Indiscriminate jail sentences of Nigerians in Ghana embarrassing says Ambassador
In this interview by Ajayi Oluwapelumi,
Nigeria's High Commissioner to Ghana, Ambassador Ademola Oluseyi
Onafowokan, shares his sympathy with Nigerian prisoners in Ghana, his
efforts at ensuring their rights are not trampled upon and the
constraints in prison exchange agreement between Ghana and Nigeria.
In 2012, majority of
the 707 foreign prisoners in Nsawam, Ghana, were Nigerians, and same
appears to be the situation in other prisons in the country. Over the
years, their population has grown, with Nigerians still topping the
list. Is Nigeria High Commission planning to help Ghana Prison Service
in terms of infrastructure and funds for feeding?
Firstly, I agree with you that
majority of them are Nigerians, but should majority of them be
Nigerians? We shouldn't even be saying such things with pride because it
is a national disgrace. Every country we go, they are filled with
Nigerians, why? It is unfortunate. But I believe if you are ready to
take the risk, then you must be ready to dance to the music.
Now to the question of helping with infrastructure and other things; Nigeria High Commission doesn't have the kind of money
to build prisons. We are just here to do our core duties such as
issuing passports, visa, supporting Nigerians in distress and to keep
promoting the diplomatic relationship between the two brotherly nations.
What is the true state
of Nigerian prisoners in Ghana? Secondly, is the prisoner exchange plan
between Ghana and Nigeria still feasible?
As regard the issue of the
report, I want to believe it was written by one of the prisoners and
smuggled to someone to publish for them, because the report is not the
reality on ground. First of all, I will like to assure you that no
Nigerian has died in the prison. Secondly, I want to assure you that I
visited them; spoke to them and I always sympathise with them. But the
truth is, when you do illegal things in a foreign land, you should know
you will be jailed in that foreign land, so why commit such a crime?
Moreover, if they succeeded in making money from
such illicit transaction, they use the money to harass everyone on the
streets; illicit money source of which you will never know. I have
visited them and I make sure people visit them regularly. I usually send
my officials to take toiletries and other provisions to them. If you
check on them, they are almost more than the Ghanaians in Nsawam prison
in terms of population. They wouldn't stop doing drugs and getting
involved in armed robbery cases.
I remember a Nigerian was
sentenced to death, I personally spoke to the Chief Justice and I wrote a
letter to plead for his life, and he has not been executed, and I don't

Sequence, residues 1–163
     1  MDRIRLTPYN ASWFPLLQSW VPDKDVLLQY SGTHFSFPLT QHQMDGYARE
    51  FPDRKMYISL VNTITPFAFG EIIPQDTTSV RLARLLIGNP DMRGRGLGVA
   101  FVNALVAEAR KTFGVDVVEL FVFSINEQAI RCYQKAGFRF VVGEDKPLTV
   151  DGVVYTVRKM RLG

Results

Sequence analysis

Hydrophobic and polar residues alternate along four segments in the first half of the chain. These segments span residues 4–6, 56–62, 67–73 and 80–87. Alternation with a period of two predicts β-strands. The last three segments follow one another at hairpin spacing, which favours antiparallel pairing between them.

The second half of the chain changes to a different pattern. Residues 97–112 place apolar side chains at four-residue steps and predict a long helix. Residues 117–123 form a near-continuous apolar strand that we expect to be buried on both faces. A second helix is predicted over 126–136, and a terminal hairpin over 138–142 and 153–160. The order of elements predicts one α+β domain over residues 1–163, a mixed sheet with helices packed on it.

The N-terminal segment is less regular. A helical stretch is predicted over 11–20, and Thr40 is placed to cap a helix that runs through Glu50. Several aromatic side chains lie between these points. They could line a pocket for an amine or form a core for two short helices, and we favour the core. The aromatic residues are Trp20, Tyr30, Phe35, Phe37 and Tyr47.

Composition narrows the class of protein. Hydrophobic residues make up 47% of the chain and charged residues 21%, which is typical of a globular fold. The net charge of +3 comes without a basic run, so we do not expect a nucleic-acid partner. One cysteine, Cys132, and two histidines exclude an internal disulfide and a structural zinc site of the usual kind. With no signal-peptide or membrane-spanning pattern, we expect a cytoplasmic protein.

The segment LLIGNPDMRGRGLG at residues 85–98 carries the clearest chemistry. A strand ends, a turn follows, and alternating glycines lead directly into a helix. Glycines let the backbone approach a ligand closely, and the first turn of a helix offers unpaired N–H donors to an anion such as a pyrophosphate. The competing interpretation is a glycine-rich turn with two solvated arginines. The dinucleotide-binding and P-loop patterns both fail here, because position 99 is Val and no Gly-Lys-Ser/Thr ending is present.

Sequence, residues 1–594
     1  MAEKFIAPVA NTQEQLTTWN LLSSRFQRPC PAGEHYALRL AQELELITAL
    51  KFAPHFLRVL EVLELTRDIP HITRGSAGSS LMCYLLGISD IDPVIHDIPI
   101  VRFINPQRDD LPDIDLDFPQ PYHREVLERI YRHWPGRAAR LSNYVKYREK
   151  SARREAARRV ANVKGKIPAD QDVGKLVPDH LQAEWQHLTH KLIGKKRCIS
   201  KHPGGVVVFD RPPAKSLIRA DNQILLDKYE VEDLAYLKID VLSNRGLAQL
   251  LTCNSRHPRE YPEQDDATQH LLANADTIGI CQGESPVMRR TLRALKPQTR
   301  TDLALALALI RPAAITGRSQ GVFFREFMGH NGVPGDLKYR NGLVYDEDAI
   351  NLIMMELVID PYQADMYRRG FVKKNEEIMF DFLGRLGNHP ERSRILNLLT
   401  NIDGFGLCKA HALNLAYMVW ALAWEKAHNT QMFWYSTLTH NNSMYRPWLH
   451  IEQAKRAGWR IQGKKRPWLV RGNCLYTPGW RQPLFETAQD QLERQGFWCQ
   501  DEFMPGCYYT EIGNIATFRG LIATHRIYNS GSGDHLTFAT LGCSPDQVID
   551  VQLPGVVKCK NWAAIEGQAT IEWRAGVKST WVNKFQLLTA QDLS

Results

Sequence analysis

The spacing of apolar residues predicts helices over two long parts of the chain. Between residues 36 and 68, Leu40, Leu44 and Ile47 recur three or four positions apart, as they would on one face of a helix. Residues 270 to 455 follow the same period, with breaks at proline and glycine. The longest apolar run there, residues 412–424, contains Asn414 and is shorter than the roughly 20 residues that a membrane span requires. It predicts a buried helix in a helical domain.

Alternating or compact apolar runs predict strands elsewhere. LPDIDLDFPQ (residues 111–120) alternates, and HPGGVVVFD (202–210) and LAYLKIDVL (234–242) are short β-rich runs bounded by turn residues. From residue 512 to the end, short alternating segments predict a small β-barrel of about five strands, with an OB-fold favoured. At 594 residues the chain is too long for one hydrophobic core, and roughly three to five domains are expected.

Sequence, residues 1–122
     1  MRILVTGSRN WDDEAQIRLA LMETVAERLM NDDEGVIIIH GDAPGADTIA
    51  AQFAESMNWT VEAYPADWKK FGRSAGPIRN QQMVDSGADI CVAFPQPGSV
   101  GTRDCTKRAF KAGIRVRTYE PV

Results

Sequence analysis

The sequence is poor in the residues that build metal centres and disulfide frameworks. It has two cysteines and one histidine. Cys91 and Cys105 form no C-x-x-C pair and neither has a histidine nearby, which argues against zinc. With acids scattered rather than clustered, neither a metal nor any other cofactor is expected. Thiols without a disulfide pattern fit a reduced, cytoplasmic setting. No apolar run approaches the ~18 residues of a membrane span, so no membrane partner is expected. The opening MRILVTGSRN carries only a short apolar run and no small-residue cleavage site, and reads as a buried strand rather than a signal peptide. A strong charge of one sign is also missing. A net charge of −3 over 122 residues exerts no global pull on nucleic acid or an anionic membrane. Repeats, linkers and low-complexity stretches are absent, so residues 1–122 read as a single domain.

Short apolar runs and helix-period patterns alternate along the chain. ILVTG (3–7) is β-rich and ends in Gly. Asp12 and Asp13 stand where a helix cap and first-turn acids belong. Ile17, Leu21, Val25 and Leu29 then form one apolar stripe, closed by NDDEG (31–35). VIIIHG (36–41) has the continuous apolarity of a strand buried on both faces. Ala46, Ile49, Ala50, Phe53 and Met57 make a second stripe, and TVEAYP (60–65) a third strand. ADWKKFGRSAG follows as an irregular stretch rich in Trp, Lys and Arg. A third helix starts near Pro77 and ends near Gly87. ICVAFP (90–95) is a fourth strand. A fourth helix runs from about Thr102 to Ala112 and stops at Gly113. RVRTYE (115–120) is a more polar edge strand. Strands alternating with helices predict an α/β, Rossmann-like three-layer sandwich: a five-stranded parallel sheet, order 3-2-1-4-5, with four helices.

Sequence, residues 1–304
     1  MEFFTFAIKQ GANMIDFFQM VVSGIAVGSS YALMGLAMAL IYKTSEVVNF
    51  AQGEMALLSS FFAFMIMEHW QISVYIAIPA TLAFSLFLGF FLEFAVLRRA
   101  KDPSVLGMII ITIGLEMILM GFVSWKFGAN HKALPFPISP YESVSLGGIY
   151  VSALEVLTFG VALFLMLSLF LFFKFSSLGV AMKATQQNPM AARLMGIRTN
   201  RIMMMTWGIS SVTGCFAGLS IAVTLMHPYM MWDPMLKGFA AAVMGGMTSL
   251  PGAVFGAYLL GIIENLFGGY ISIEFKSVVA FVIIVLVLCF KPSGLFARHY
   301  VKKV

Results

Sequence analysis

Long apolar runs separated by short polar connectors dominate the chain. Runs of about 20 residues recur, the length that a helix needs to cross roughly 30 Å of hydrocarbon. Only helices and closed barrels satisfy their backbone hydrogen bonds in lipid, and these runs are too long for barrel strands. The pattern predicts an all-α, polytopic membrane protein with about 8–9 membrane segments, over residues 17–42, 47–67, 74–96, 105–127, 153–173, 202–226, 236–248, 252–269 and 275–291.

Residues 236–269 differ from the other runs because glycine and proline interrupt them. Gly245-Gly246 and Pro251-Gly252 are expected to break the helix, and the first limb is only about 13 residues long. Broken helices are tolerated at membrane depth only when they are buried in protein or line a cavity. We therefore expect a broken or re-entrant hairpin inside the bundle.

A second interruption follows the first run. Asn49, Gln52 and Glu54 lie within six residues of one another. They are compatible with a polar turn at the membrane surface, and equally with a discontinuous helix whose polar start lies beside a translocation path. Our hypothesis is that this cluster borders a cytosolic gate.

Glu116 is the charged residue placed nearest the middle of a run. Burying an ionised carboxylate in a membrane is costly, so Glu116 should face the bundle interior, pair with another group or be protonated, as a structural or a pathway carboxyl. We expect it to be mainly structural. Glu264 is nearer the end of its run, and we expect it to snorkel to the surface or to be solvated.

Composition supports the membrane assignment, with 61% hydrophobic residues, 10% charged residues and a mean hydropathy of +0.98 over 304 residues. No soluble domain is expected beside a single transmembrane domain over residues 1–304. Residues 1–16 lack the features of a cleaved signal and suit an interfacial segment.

think he'll be executed. About the long sentences they are giving them,
which I was told by the Chief Justice of Ghana Mrs Theodore Woods, they
assured me that they will look into it, but they told me those
sentences are to discourage other Nigerians from thinking Ghana is a
safe haven for criminals. It is logical to make a U-turn if you know
that you are likely to get a prison sentence of 50-130 years if caught
committing crime as a Nigerian or a foreigner. But that has not deter
them, as Nigerians fill up the Ghana prisons on a daily basis, and after
being caught, they want us (Nigeria High Commission) to come and get
Also, any Nigerian prisoner
released comeS to the Nigeria High Commission (NHC), we usually give
them GHC100 ($40) which will take them to Lagos. Since I resumed as the
High Commissioner, I have been doing that religiously. Sometimes when
they come, I will ask them to be brought in front of me, and I ask them
what led them into it, and afterwards, I counsel them. The question
remains that when you know there is a reward for your crime if caught,
why do it?
On the question of prisoners
exchange, I have spoken with the parliamentary Committee on Foreign
Affairs and I mentioned the issue; I was made to understand that
Nigerian prisons are too full, and that the prisoner exchange document
has not been concluded yet. If you check countries around the world, you
will find Nigerian prisoners there, and it baffles me. I think we need a
national orientation because this is becoming a huge embarrassment to
the Federal Republic of Nigeria, and this is as a result of the fact
that they want to get rich quick. It's not a crime to be rich,
but it must be earned. The High Commission is doing its best to ensure
that Nigerian prisoners have a humanity touch. The High Commission
doesn't have power to get them released; all we can do is to keep
Is it not out of place
for Ghanaian government, through her policy, to give the nationality of a
particular country like Nigeria excessive jail sentence, claiming it is
an instrument of deterrent?
I agree that policy is not
right. Like I told you, I sat down with Chief Justice Theodore Woods,
and he promised to work on it. I don't think I can force authorities in
Ghana to change its justice system. So also, Ghana High Commission in